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At what speeds does relativity become noticable?

  1. May 14, 2008 #1
    I'm just pondering this question? What does the speed differential have to be for subjects times to become noticeably out of sync. I'm assuming any differential is enough to eventually become noticeably out of sync. Take this example: The Earth orbits around the Sun at approx 107278.87 km/h, while spinning on its axis at approx 1180.7 km/h at the equator. If someone was on one side of the equator as the sun set while someone was on the exact opposite side where the sun will be rising would time go slower for the person entering night as they are traveling away from the direction of the earths orbit while the person entering day would be traveling toward earths orbit. Could this be proven/disproven somehow? I hope you follow my line of logic, if not I'll try to post a better explanation.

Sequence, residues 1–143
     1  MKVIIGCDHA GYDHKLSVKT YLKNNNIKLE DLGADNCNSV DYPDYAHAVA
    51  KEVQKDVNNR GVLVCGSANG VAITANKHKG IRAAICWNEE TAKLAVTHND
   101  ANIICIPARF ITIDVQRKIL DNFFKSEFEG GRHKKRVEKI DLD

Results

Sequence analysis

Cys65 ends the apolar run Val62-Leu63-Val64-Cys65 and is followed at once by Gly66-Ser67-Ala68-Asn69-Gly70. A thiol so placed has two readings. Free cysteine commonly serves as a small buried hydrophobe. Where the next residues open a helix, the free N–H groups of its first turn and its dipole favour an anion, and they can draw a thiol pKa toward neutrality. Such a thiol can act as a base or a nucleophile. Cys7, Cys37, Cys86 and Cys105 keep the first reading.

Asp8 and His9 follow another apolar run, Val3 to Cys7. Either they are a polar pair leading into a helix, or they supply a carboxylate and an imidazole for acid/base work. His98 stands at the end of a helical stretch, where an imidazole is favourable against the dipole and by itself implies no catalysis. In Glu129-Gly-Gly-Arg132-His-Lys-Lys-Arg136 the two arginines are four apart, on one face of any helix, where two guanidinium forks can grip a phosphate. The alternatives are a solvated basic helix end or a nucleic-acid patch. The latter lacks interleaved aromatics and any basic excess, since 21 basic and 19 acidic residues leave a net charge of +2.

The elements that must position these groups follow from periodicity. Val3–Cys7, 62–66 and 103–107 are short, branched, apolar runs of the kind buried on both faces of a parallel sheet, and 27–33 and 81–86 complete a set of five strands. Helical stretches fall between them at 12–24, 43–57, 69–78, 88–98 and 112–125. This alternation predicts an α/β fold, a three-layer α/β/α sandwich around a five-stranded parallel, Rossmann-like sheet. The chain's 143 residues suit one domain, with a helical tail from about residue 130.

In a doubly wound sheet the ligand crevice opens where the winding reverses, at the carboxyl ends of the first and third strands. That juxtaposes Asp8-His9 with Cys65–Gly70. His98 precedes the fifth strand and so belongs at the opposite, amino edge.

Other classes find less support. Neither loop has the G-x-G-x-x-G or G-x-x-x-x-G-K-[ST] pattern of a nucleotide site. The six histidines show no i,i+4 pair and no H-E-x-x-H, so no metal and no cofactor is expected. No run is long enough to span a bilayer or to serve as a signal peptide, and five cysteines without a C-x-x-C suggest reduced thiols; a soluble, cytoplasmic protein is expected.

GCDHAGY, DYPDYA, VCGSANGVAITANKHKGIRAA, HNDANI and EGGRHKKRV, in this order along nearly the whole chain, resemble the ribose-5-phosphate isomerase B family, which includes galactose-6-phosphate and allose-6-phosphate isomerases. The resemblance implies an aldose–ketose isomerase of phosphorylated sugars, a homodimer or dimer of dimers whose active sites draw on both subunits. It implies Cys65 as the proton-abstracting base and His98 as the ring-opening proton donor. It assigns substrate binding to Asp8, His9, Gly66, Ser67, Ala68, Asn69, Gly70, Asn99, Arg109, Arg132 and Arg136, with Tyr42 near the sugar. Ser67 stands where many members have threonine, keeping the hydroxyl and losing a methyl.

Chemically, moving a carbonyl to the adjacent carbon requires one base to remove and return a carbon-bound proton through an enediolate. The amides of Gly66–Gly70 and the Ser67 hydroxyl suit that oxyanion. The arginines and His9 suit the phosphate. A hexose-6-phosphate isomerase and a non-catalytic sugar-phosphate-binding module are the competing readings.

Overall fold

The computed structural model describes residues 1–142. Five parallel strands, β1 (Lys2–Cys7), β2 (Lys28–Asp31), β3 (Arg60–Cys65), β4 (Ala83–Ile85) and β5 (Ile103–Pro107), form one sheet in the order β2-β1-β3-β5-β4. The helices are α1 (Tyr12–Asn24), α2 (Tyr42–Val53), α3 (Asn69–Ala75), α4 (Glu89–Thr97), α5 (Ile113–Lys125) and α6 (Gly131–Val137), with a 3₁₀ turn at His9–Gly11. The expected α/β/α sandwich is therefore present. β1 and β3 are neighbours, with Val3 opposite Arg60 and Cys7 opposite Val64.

2. jcsd
  3. May 14, 2008 #2


    Staff: Mentor

    The speed at which relativity becomes noticeable depends entirely on the application. For GPS the speed is very low since the time precision is so important. For arriving on time to a party it the speed would be much higher.
  4. May 15, 2008 #3


    User Avatar

    I'm pretty sure I remember an experiment where two atomic clocks were synchronised and one was placed on a commercial airliner. After a trip the two clocks showed a difference in elapsed time. Sorry I don't have any details or a reference.
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